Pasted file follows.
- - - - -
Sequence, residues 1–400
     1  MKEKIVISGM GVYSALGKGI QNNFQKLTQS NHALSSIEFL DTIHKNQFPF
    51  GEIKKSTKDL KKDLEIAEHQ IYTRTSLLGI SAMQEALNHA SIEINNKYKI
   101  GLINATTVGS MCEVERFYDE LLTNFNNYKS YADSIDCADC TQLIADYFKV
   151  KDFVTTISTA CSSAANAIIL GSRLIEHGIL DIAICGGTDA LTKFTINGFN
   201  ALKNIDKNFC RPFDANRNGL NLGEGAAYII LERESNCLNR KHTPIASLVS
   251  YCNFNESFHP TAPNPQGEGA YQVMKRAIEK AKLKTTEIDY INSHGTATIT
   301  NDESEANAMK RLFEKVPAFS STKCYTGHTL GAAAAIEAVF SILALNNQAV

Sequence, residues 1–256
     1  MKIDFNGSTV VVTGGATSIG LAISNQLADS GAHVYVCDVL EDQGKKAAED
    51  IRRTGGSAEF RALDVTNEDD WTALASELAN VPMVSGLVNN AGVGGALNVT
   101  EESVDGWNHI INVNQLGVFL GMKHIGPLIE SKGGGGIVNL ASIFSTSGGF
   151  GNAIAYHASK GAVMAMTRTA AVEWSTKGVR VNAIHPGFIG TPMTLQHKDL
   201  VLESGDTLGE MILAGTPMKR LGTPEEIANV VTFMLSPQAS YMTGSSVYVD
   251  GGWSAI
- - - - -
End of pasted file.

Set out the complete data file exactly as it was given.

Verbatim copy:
Sequence, residues 1–400
     1  MKEKIVISGM GVYSALGKGI QNNFQKLTQS NHALSSIEFL DTIHKNQFPF
    51  GEIKKSTKDL KKDLEIAEHQ IYTRTSLLGI SAMQEALNHA SIEINNKYKI
   101  GLINATTVGS MCEVERFYDE LLTNFNNYKS YADSIDCADC TQLIADYFKV
   151  KDFVTTISTA CSSAANAIIL GSRLIEHGIL DIAICGGTDA LTKFTINGFN
   201  ALKNIDKNFC RPFDANRNGL NLGEGAAYII LERESNCLNR KHTPIASLVS
   251  YCNFNESFHP TAPNPQGEGA YQVMKRAIEK AKLKTTEIDY INSHGTATIT
   301  NDESEANAMK RLFEKVPAFS STKCYTGHTL GAAAAIEAVF SILALNNQAV

Sequence, residues 1–256
     1  MKIDFNGSTV VVTGGATSIG LAISNQLADS GAHVYVCDVL EDQGKKAAED
    51  IRRTGGSAEF RALDVTNEDD WTALASELAN VPMVSGLVNN AGVGGALNVT
   101  EESVDGWNHI INVNQLGVFL GMKHIGPLIE SKGGGGIVNL ASIFSTSGGF
   151  GNAIAYHASK GAVMAMTRTA AVEWSTKGVR VNAIHPGFIG TPMTLQHKDL
   201  VLESGDTLGE MILAGTPMKR LGTPEEIANV VTFMLSPQAS YMTGSSVYVD
   251  GGWSAI